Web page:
Jeremy Lin is joining numerous people in congratulating a 16-year-old Louisiana student who found out this week that he's been accepted into Harvard University.
A video of Ayrton Little, wearing Harvard apparel, checking his admission status at school surrounded by his classmates, went viral on Tuesday.
The Ivy league university is Lin's alma mater.
Lin, the Brooklyn Nets point guard, is injured and will miss the remainder of the 2017–2018 NBA season to recover from knee surgery. Still, Lin took time out of his rehabilitation to reach out to Ayrton Little from Breaux Bridge, Louisiana.
"This is legit. Congrats Ayrton, awesome story of someone chasing their dreams, pursuing education and turning a blind eye to the haters," Lin tweeted.
Little posted a social media video of his excited reaction after being accepted into Harvard where he will enroll in Fall 2018. He was surrounded by his classmates at the T.M. Landry College Preparatory school where students attend class year round with only a five day break in the summer.
In the video, Little and his peers can be heard shouting "three-peat" after learning that the teenager was accepted into the school which symbolizes the third consecutive year that a student from the school has been accepted by Harvard.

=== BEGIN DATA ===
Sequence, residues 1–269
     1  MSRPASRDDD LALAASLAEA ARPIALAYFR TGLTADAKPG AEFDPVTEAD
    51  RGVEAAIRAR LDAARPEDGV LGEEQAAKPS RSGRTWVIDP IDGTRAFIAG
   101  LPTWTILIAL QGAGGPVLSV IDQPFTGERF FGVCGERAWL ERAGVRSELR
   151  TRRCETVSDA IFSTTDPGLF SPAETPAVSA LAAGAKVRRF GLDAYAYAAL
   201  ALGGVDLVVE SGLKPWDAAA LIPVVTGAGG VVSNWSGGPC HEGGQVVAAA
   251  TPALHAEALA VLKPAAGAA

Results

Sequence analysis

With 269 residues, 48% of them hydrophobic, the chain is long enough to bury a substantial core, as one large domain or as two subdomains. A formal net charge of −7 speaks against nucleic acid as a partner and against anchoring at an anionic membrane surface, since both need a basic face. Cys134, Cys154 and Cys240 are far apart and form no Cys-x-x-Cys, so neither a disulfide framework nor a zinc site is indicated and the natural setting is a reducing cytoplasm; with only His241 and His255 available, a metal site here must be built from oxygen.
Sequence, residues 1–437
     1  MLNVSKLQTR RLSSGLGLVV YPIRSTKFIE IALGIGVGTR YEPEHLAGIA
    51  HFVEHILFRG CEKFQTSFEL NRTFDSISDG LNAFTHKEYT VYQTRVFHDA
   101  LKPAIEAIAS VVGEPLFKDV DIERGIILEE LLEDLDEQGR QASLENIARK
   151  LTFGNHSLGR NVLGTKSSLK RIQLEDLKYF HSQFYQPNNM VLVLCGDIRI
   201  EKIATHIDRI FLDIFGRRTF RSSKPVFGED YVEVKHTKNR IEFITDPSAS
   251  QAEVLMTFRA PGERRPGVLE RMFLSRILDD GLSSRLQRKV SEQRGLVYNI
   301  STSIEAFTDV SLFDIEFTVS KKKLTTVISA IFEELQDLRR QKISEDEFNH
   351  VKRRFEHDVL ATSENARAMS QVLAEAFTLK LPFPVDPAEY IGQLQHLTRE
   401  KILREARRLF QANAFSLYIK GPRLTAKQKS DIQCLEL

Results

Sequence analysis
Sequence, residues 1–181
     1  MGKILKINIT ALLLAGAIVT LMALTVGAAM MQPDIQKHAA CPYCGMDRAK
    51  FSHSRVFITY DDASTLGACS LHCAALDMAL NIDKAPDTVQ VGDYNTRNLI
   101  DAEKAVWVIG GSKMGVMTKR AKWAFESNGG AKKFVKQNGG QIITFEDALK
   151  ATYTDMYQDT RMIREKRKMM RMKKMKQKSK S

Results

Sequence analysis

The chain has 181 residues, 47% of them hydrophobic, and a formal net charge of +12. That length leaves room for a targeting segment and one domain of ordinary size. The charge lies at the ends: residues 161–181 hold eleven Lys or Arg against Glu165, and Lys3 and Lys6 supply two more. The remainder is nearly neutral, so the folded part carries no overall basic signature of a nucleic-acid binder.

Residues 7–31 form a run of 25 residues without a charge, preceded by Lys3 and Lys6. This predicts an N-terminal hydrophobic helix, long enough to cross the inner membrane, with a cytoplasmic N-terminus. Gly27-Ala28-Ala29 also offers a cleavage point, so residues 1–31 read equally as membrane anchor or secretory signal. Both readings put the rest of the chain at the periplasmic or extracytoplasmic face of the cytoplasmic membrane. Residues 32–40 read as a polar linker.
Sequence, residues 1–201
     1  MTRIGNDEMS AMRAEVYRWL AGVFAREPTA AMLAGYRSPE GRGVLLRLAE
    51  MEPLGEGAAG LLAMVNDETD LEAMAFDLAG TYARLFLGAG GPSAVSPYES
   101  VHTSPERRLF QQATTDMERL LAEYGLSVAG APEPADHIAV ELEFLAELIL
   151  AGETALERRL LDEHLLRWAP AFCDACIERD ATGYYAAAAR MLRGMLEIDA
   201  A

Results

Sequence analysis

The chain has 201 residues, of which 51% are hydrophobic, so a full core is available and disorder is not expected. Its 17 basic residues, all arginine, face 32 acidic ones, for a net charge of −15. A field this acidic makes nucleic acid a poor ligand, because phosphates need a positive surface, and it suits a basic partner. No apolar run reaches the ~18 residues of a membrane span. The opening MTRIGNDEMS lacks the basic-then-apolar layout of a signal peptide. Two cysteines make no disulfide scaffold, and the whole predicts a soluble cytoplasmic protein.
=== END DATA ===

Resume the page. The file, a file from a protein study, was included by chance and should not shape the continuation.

Little's video has been viewed over 6.8 million times, liked more than 520,000 times on Twitter and even prompted a response from Harvard University's Twitter account.
"Congratulations and welcome to Harvard, Ayrton," university tweeted.
When Lin attended Harvard as a star point guard on the school's basketball team, he was vocal about his Christian influence on the team.
"I've learned how to be open and bold about my faith, but in terms of my influence, I just try to lead in a godly way. What that means for me is to serve them, whether it's just doing the dirty work, like cleaning up sweat on the floor, or deferring to other people, or carrying equipment bags," Lin previously told Intervarsity. "In basketball these days, the rookies and freshmen are supposed to do the grunt work, and seniors relax and hang out, but when you reverse that, or when seniors help out with some of that, it shows that you're trying to serve them, and that's a good way to lead."